Unlike previous arguments for intelligent design, Signature in the Cell presents a radical and comprehensive new case, revealing the evidence not merely of individual features of biological complexity but rather of a fundamental constituent of the universe: information. That evidence has been mounting exponentially in recent years, known to scientists in specialized fields but largely hidden from public view. A Cambridge University-trained theorist and researcher, director of the Discovery Institute’s Center for Science and Culture, Dr. Meyer is the first to bring the relevant data together into a powerful demonstration of the intelligence that stands outside nature and directs the path life has taken.

The book is dense - the science part...I caught maybe half. Meyer,a philosopher of science, and writes like a...philosopher of science. If you can partly follow the writing about DNA, its significance, and why it's important to the debate, the pieces of the book on the debate, stifling, and politics of science will fascinate you.

We live in a world where everybody assumes the "fact" of atheistic evolution - "everybody knows it's true." Meyer doesn't know that and sets out to prove he's right.

Meyer asks the answerless questions that atheistic evolutionists should be asking themselves. The world tells Christians that we must examine our beliefs against "known" science; "Signature in the Cell" examines atheistic evolution in that same way.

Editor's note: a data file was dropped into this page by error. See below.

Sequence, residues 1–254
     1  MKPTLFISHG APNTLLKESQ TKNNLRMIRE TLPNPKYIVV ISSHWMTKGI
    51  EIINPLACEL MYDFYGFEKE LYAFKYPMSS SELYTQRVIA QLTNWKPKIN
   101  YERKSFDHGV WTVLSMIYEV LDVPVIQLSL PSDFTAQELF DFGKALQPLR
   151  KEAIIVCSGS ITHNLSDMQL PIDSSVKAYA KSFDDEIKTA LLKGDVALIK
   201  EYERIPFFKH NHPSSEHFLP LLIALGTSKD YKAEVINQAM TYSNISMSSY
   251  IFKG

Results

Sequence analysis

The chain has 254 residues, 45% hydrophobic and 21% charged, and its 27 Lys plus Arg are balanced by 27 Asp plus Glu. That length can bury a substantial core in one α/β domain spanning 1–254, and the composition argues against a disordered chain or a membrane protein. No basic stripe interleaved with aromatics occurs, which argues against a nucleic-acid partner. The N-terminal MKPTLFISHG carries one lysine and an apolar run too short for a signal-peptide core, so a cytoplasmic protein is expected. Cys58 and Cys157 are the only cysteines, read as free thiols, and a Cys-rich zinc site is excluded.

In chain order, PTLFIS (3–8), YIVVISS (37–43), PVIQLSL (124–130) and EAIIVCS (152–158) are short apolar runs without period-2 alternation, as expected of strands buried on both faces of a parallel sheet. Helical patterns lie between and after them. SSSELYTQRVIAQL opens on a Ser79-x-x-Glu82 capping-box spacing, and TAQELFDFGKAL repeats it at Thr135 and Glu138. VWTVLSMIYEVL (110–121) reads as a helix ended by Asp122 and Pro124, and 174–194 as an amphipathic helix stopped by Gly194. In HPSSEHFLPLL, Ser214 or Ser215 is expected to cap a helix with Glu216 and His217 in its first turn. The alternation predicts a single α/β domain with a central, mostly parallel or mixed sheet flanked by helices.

This is not a "Christian" book - Meyer may be a Christian, but religion has no place in this book. Meyer does not name the "Designer;" his purpose is to make a place FOR a designer.

That doesn't mean the book doesn't have religious implications: once a person is convinced by logic and science that there must be a designer, the next question is who that designer is. (I'm not saying it was aliens...~inside joke from "Ancient Aliens~)

The book leaves out the question of "literal six-day creationism" - we may ask that question another day, but not this one, not in this book.

Also absent is the question of theistic evolution. Did God create "as is" or did He direct the evolution of His creation? Also...a question for another day.

The purpose of the book is to make a case from DNA for a designer, and that he does.